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Bondas, PhD, RN2,3

College of Human and Health Sciences, Swansea University, Swansea, UK, Department of Nursing Science, Kuopio

Campus, University of Eastern Finland, Kuopio, Finland and Faculty of Professional Studies, University of Nordland,

Bodo, Norway

Abstract Qualitative content analysis and thematic analysis are two commonly used approaches in data analysis of nursing research, but boundaries between the two have not been clearly specified. In other words, they are being used interchangeably and it seems difficult for the researcher to choose between them. In this respect, this paper describes and discusses the boundaries between qualitative content analysis and thematic analysis and presents implications to improve the consistency between the purpose of related studies and the method of data analyses.This is a discussion paper, comprising an analytical overview and discussion of the definitions, aims, philosophical background, data gathering, and analysis of content analysis and thematic analysis, and addressing their methodological subtleties. It is concluded that in spite of many similarities between the approaches, including cutting across data and searching for patterns and themes, their main difference lies in the opportunity for quantification of data. It means that measuring the frequency of different categories and themes is possible in content analysis with caution as a proxy for significance.

Key words content analysis, nursing, qualitative descriptive research, thematic analysis.

INTRODUCTION

In health care, qualitative methodologies aim to explore

complex phenomena encountered by nurses, other providers,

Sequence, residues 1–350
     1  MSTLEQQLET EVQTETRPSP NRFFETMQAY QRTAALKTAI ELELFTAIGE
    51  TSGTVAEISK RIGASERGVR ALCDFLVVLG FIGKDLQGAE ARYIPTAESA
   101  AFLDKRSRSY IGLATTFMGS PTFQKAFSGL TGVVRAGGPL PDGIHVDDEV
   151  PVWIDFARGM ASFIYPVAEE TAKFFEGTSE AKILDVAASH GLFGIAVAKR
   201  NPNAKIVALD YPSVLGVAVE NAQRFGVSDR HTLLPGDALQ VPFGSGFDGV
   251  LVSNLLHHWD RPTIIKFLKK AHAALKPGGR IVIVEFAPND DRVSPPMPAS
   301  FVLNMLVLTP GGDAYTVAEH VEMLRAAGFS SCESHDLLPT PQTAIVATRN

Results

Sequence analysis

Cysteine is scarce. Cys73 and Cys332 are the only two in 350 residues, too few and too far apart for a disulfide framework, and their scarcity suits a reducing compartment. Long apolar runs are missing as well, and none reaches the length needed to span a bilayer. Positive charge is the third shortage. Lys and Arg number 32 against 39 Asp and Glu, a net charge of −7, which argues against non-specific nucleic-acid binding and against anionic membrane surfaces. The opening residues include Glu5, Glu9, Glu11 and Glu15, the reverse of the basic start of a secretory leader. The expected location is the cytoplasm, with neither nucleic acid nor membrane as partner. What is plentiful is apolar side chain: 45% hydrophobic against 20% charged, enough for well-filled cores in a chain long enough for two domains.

policy makers, and patients (Denzin & Lincoln, 2000;

Sandelowski & Barroso, 2003a; Tong et al., 2007). The phi-losophy and the basic principles of methodologies, study

aims and questions, and designs and data gathering criteria

provide key differences between qualitative and quantitative

methodologies (Ayres, 2007a).A belief in multiple realities, a commitment to identifying an approach to in-depth under-standing of the phenomena, a commitment to participants'

viewpoints, conducting inquiries with the minimum disrup-tion to the natural context of the phenomenon, and reporting

findings in a literary style rich in participant commentaries

are the main characteristics of qualitative methodologies

(Streubert Speziale & Carpenter, 2007).

Qualitative methodologies consist of the philosophical

perspectives, assumptions, postulates, and approaches that

researchers employ to render their work open to analysis,

critique, replication, repetition, and/or adaptation and to choose research methods. In this respect, qualitative method-ologies refer to research approaches as the tools with which